stage and is completely silent at idle.
Connected to an Avid Ingenium Twin
with Nagaoka MP-150 movingmagnet cartridge (HFC 375) on one
side and Audio-Technica AT33PTG/II
moving-coil cartridge (HFC 402) on
the other, the Phono Signature is
almost supernaturally quiet. If your
turntable is free of noise, you can rest
assured that it won’t add any of its
own and regardless of any gain
setting, the Cyrus remains ultra quiet.
Sound quality
With no extraneous noise in the signal
you can easily hear what the Cyrus is
up to and the news is equally good.
This is not a phono stage you buy to
romanticise vinyl. It will display no
more warmth or bloom than is
naturally on the record itself. The
trade off to this is that it is at times
startlingly vivid. With the Nagaoka
MP-150 cartridge playing Nils Frahm’s
Spaces album, it is in its element. The
absence of noise allows the rustling
and murmur of the audience to be
easily discerned and the all-important
piano is rendered with incredible
vividness and energy. The scale of the
presentation is fantastic. The gain
levels mean its scale is effortlessly
reproduced without the amplification
having to break into a sweat.
Spend a little more time with the
Cyrus and it becomes clear that this is
a wonderfully natural and involving
phono stage. Fink’s Wheels Turn
Beneath My Feet is exceptionally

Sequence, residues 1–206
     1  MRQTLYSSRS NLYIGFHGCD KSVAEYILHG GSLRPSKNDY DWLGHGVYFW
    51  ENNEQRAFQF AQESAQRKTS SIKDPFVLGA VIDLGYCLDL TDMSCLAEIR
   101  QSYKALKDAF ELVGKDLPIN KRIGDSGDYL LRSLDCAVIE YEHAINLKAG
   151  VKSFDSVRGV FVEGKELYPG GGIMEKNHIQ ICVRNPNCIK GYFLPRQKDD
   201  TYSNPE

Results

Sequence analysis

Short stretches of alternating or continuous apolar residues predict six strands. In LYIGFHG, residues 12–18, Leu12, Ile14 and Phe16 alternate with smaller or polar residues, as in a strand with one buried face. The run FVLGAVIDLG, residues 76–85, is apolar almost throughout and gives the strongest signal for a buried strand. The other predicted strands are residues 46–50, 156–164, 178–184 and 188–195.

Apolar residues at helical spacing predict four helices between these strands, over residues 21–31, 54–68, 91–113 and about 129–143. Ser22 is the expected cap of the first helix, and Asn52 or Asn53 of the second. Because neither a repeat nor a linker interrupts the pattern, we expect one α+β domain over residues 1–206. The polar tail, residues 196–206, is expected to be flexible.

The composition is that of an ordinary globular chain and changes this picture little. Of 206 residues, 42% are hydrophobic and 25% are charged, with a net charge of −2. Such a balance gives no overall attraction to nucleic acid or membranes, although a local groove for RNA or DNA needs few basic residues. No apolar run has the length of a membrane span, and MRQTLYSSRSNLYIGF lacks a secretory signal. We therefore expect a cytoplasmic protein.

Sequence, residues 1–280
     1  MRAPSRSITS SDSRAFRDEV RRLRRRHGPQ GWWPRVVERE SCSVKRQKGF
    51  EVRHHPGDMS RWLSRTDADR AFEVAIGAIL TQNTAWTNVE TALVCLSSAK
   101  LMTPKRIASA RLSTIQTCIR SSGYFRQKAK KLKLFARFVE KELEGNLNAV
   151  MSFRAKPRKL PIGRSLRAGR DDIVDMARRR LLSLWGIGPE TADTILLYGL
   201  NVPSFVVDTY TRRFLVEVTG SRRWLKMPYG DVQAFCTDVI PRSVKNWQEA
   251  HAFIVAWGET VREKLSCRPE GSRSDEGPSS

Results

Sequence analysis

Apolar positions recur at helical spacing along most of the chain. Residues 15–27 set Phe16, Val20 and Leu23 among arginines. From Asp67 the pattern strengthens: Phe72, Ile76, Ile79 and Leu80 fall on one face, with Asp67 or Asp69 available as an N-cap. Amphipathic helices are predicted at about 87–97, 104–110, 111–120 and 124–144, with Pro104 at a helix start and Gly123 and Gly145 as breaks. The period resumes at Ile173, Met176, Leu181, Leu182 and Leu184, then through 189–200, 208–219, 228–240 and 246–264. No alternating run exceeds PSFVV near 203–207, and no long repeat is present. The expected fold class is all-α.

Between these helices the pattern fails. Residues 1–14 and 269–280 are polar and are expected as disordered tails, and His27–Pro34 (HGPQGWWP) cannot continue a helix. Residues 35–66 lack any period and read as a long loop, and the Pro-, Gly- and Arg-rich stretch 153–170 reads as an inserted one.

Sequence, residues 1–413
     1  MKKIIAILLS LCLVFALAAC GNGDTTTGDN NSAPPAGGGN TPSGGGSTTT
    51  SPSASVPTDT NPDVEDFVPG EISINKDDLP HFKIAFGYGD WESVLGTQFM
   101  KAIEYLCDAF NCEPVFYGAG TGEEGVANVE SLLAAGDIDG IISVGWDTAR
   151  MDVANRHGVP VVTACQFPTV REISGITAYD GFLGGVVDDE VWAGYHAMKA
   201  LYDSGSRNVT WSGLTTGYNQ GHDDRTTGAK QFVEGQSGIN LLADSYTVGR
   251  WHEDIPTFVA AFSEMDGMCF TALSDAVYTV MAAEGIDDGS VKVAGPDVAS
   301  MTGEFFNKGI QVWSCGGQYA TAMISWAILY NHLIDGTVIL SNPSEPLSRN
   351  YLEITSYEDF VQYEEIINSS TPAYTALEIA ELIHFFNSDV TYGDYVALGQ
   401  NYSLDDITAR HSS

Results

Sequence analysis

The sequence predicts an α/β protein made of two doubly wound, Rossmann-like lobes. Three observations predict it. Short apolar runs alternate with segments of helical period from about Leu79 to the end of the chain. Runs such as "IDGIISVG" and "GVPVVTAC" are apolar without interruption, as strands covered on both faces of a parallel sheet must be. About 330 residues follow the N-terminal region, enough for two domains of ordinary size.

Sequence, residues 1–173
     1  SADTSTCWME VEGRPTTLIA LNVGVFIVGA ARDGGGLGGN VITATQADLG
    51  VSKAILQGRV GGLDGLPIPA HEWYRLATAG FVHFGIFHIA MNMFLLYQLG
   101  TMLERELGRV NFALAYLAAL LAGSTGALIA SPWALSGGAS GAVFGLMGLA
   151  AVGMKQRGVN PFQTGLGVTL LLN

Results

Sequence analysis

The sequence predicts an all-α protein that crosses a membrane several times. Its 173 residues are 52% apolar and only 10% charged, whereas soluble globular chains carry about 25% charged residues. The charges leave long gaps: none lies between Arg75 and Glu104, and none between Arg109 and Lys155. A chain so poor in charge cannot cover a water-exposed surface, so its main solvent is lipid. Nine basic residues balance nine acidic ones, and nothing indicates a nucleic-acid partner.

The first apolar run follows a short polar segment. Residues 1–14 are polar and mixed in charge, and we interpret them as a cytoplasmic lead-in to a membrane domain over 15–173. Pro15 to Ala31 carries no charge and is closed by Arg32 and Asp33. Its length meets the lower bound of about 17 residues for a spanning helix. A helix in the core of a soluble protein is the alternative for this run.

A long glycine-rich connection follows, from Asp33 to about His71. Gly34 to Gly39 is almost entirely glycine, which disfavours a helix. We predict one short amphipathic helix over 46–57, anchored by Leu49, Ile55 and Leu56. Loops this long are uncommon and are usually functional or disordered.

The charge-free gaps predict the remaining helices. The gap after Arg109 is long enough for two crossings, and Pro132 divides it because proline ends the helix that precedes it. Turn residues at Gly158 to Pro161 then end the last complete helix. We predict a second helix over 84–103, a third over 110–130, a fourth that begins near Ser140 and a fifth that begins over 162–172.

real. Greenall’s vocals are filled with
MC-BUS port
Four RCA inputs
with earthing points
PSX-R2 power
supply input
XLR outputs
17/02/2016 14:12
Peter Bartlett
Technical consultant, Cyrus
ES: It has been some years since
Cyrus has produced a phono stage.
What prompted the decision to
produce the Phono Signature?
PB: The RoHS directive unfortunately
ended the Phono X and at that time
we wanted to focus on developing
our streaming platform and then the
Lyric all-in-one system, therefore it
has taken more time than we would
ideally have wanted to get back onto
a new phono stage. In the meantime,
several of our team have purchased
new turntables and became very
excited by vinyl, just like our customers.
Was the decision to make the Phono
Signature adjustable via remote
taken at the outset of development
or did it evolve by degrees?
The initial ‘blue sky’ staff meeting that
always precedes our Functional
Requirement Specification (FRS)
document listed this as a must-have